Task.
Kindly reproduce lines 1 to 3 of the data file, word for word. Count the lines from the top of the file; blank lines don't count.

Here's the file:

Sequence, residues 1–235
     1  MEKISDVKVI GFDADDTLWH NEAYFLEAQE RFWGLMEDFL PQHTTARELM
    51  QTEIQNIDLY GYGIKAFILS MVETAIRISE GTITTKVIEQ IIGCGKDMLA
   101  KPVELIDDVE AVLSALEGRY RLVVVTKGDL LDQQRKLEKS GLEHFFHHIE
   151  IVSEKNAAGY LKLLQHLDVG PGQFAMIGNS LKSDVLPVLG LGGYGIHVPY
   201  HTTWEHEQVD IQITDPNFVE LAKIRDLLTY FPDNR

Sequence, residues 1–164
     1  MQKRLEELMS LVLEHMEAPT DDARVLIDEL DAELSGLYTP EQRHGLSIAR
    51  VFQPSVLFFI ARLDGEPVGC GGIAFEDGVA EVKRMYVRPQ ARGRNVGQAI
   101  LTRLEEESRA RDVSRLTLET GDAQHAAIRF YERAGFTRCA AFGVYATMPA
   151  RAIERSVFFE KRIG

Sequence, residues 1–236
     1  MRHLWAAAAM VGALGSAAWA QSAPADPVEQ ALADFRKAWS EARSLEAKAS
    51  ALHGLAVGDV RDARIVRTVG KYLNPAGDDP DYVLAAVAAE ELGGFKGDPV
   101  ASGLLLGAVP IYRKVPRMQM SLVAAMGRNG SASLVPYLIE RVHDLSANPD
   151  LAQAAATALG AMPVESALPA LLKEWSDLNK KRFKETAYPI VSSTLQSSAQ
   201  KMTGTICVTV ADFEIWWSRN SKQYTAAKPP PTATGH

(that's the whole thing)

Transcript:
Sequence, residues 1–235
     1  MEKISDVKVI GFDADDTLWH NEAYFLEAQE RFWGLMEDFL PQHTTARELM
    51  QTEIQNIDLY GYGIKAFILS MVETAIRISE GTITTKVIEQ IIGCGKDMLA